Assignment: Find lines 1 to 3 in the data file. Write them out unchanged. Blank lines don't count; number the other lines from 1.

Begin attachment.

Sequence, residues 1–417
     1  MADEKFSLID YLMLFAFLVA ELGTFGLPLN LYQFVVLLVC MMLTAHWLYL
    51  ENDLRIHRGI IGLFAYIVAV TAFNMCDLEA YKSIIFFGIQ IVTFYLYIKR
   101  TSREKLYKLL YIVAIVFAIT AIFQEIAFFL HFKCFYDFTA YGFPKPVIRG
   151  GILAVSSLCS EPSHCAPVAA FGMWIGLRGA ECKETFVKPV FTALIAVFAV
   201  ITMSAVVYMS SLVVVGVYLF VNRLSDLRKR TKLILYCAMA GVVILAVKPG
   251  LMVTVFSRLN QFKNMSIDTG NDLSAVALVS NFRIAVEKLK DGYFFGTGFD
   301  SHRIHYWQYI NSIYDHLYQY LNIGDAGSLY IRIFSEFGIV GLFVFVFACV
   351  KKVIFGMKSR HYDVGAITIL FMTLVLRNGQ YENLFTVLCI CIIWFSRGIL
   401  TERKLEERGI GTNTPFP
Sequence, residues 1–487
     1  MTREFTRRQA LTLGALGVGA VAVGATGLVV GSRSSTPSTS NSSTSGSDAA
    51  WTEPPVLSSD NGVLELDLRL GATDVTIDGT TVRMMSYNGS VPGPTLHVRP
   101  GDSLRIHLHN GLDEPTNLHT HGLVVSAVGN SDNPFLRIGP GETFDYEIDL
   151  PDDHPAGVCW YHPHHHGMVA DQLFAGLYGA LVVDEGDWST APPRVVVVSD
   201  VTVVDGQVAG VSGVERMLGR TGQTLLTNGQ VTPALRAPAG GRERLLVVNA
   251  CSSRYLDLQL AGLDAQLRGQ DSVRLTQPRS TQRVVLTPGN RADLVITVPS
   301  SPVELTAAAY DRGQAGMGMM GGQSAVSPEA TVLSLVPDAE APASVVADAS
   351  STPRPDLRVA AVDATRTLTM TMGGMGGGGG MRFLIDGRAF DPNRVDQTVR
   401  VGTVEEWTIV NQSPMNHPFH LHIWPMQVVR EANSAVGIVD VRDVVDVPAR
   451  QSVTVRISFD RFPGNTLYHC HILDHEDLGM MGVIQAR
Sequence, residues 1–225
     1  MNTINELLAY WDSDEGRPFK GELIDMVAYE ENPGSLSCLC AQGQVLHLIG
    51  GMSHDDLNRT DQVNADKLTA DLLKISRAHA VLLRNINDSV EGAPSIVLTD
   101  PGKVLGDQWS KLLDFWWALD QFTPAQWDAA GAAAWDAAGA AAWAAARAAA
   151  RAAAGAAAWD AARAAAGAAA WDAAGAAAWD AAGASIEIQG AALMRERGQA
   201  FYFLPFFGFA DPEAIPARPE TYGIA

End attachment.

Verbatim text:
Sequence, residues 1–417
     1  MADEKFSLID YLMLFAFLVA ELGTFGLPLN LYQFVVLLVC MMLTAHWLYL
    51  ENDLRIHRGI IGLFAYIVAV TAFNMCDLEA YKSIIFFGIQ IVTFYLYIKR